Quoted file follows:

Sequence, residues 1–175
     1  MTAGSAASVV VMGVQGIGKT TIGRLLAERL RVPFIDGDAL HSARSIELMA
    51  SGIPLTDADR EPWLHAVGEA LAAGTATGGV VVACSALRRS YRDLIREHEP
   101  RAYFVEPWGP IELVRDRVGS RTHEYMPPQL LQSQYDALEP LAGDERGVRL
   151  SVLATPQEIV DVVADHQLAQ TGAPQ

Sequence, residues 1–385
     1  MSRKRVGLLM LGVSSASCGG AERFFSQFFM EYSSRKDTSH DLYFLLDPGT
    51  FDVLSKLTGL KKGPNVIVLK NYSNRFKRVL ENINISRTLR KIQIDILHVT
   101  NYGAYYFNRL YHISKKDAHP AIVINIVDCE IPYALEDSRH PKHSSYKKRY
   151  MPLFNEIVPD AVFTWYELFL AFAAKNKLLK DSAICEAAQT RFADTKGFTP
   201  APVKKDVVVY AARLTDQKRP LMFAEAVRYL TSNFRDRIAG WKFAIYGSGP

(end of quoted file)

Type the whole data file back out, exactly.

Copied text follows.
Sequence, residues 1–175
     1  MTAGSAASVV VMGVQGIGKT TIGRLLAERL RVPFIDGDAL HSARSIELMA
    51  SGIPLTDADR EPWLHAVGEA LAAGTATGGV VVACSALRRS YRDLIREHEP
   101  RAYFVEPWGP IELVRDRVGS RTHEYMPPQL LQSQYDALEP LAGDERGVRL
   151  SVLATPQEIV DVVADHQLAQ TGAPQ

Sequence, residues 1–385
     1  MSRKRVGLLM LGVSSASCGG AERFFSQFFM EYSSRKDTSH DLYFLLDPGT
    51  FDVLSKLTGL KKGPNVIVLK NYSNRFKRVL ENINISRTLR KIQIDILHVT
   101  NYGAYYFNRL YHISKKDAHP AIVINIVDCE IPYALEDSRH PKHSSYKKRY
   151  MPLFNEIVPD AVFTWYELFL AFAAKNKLLK DSAICEAAQT RFADTKGFTP
   201  APVKKDVVVY AARLTDQKRP LMFAEAVRYL TSNFRDRIAG WKFAIYGSGP